President Barack Obama announced a plan to spend $1 billion to create an elite group of mathematics and science teachers, ABC News reports. The money will be spent on bonuses for teachers considered high-performing and is aimed at improving student achievement in the fields of science, mathematics, engineering and technology.
Those who are selected for the Master Teacher Corps will be a salary bonus of $20,000 if they commit to participate over several years. In addition to their teaching duties, they will also assist and mentor less-experienced teachers and thus, hopefully, improve the instructional quality for all American students.
Obama introduced the plan at an election rally in San Antonio, Texas, which he said was part of his administration's commitment to education reform. He said that offering financial incentives to teachers in high-demand fields, the country could make serious strides in the effort to catch up to other countries in the students' math and science achievement.
"I'm running to make sure that America has the best education system on earth, from pre-K all the way to post-graduate," Obama said. "And that means hiring new teachers, especially in math and science."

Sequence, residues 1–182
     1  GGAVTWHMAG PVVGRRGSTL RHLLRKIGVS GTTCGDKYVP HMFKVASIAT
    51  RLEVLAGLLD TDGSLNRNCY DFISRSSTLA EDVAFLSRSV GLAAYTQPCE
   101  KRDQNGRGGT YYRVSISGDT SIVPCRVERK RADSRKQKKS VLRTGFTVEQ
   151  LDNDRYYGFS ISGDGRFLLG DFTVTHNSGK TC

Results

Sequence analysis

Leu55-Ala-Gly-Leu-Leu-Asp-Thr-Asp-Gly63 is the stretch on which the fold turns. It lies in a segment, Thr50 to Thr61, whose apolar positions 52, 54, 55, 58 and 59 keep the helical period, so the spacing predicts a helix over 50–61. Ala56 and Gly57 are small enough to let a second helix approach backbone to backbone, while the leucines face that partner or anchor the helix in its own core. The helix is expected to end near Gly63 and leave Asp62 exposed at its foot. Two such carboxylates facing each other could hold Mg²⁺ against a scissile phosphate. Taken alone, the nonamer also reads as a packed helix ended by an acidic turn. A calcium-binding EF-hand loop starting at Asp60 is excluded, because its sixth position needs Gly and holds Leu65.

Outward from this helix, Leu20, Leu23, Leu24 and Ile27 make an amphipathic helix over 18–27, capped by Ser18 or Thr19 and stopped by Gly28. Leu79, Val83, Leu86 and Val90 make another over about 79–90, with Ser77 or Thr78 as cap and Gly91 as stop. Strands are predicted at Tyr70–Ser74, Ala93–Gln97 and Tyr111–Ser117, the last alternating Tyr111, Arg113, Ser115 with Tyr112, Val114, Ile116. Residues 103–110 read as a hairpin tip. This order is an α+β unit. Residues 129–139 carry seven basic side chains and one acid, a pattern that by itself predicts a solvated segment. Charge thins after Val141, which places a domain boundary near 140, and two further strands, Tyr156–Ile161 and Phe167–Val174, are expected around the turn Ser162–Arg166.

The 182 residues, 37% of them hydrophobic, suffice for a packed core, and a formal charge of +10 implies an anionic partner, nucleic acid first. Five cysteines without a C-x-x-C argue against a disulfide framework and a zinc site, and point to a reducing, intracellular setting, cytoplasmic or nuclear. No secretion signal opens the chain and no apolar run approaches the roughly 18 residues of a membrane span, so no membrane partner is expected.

One hundred million dollars to fund the program initially will be available immediately, and the rest will be part of the proposed budget for next year. However, in light of the fact that budget proposals submitted by the Obama administration over the previous two years have always given rise to partisan conflict in Congress, the program's approval is far from certain.
An aide to Rep. John Kline, R-Minn., chairman of the House Education and the Workforce Committee, noted that the federal government already has more than 80 teacher quality programs and said it would be foolish to pump money into programs that may be duplicative or unproductive.
"Republicans share the president's goal of getting better teachers in the classroom," said Kline spokeswoman Alexandra Sollberger. "However, we also value transparency and efficient use of taxpayer resources."
U.S. Secretary of Education Arne Duncan, however, was optimistic, saying that he hoped that both parties would find a way to work together to make sure that students had the best teachers in their classrooms. He said that legislators have to consider this proposal not through the ideological lens but as a means to fill the upcoming demand for additional STEM college graduates. A report released earlier this year by the President's Council of Advisers on Science and Technology estimated that the the country will need an increase of 34% in STEM graduates to meet the job market demands going forward.